A principal searching through applications might look for a few years experience or that you graduated from a certain college (around here there is a certain college that teaches inquiry and our district is trying to get more teachers on board). They might look for buzz words in your cover letter like "balanced literacy" or "responsive classrooms" or whatever their particular district happens to be implementing at the time (this is why it's important to do research and tailor cover letters to the district and school). I would look to see that the applicant included something about my school or district that attracted to the job.

    At the interview I think charisma goes a long way. If the interviewers think you are easy to talk to, then it should be easy for the students to talk to you and build a relationship. Read through the job description and make sure you are prepared to answer questions about everything mentioned. A principal would not put "balanced literacy" in a job description if they weren't going to ask you about it. Be excited about your answers, this is your livelihood and passion after all. Give examples to back up your answers. Examples help you to paint a picture of your class for the interviewer. Bring pictures, data, sample lessons, or whatever and be prepared to use them. I used to make a little packet so if they asked about classroom management I directed them to turn to the classroom management section while I spoke about my experiences. It makes you seem way more put together when you can provide examples and proof. If you are that prepared for an interview, they would have no reason to think you wouldn't be prepared for the job. If you choose to make a packet make 8-10 for each interview. You don't want to get there and not have enough. Do not bring your whole 100 page student teaching binder because very few people want to go through it.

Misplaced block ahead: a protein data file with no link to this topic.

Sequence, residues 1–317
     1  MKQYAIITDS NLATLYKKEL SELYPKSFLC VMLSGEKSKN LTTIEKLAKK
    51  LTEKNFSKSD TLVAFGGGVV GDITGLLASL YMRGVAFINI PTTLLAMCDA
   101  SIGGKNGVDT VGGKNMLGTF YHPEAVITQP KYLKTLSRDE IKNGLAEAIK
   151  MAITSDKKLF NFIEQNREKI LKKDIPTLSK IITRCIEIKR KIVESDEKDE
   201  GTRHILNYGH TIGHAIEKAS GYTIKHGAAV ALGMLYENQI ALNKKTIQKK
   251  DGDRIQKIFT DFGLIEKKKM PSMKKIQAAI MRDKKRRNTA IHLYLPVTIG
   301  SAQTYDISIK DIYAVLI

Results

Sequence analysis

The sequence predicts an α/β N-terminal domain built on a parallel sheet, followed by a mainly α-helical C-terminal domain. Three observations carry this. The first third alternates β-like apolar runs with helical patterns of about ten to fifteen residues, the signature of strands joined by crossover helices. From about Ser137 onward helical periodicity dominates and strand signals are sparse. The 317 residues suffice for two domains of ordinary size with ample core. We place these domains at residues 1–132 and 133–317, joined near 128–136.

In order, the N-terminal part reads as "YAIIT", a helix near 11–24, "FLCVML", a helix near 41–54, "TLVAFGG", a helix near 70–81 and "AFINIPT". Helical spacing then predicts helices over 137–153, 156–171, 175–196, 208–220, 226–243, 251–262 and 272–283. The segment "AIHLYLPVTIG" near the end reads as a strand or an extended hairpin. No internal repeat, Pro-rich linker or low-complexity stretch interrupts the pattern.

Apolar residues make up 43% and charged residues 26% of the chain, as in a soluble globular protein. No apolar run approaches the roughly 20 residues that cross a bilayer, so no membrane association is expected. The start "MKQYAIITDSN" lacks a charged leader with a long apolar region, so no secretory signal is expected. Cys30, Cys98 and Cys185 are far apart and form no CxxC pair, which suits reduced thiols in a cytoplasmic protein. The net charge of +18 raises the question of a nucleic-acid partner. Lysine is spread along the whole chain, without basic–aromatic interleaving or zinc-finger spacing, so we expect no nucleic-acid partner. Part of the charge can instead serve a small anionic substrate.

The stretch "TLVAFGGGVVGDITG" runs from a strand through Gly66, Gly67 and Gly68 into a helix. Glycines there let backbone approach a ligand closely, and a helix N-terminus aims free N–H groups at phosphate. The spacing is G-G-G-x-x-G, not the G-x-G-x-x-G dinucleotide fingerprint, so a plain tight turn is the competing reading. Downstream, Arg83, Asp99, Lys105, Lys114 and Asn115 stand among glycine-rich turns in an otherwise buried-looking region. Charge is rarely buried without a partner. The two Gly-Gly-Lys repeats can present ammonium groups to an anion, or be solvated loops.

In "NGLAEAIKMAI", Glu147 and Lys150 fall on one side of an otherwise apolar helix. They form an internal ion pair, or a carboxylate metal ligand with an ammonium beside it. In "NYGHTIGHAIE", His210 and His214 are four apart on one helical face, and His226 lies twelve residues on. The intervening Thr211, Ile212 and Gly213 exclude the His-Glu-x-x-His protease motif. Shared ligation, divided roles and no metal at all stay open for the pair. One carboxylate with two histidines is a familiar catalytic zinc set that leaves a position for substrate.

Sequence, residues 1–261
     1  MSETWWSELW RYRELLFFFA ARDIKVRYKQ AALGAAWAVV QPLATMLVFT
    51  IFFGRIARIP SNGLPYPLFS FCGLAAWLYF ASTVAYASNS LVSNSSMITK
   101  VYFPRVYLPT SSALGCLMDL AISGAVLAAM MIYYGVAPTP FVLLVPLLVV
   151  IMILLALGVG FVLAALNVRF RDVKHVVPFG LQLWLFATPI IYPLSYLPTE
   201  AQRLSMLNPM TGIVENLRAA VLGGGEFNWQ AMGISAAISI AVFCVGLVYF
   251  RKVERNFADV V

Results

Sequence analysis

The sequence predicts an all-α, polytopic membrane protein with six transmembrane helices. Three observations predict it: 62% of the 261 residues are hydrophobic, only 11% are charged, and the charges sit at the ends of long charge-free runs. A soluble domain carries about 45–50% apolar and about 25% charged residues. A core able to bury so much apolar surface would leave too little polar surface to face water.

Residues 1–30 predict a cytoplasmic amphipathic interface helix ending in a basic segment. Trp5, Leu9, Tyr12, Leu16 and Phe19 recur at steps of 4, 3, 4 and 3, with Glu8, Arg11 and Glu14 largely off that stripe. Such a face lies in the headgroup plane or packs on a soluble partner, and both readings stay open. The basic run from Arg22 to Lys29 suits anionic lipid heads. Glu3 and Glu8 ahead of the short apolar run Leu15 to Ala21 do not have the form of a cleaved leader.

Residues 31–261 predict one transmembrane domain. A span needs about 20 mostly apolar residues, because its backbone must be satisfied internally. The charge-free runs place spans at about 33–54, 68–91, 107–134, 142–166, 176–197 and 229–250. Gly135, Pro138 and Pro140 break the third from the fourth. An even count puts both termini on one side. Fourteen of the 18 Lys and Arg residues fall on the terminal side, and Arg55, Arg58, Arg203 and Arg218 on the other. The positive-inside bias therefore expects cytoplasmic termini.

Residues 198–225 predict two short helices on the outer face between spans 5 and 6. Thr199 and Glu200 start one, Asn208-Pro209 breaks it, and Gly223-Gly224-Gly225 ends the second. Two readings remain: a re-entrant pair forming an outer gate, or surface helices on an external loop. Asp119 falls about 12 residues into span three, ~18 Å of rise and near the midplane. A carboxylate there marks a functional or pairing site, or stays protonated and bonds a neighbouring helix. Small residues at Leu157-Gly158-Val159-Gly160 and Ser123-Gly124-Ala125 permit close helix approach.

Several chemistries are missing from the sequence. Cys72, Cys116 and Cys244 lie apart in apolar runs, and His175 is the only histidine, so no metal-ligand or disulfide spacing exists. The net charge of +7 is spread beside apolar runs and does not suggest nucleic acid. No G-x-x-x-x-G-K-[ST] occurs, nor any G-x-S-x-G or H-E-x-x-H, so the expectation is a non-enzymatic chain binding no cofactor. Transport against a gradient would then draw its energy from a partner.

I hope you can find some useful tidbits in the book I just wrote, lol!
     
  10. SCTeacher23

    SCTeacher23 Comrade

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    Jun 20, 2013

    Besides everything that was said above, I think being just an overall good fit and showing them why you want to work at their school and what you can bring to the table can benefit them. In my experiences, if I've mentioned specific things about their school in my cover letter (showing that I did my homework) and why my philosophies and teaching styles go with theirs has worked very much in my favor. I remember with one of my first interviews ever, I told them I wanted to work in their district because I said I liked that area of town and wanted to move there and they did not like that response. However, in some very recent interviews I had (one of which led to an offer this week), I discussed why I liked their school and how my beliefs were similar to theirs and related my experiences to their philosophies, which they liked.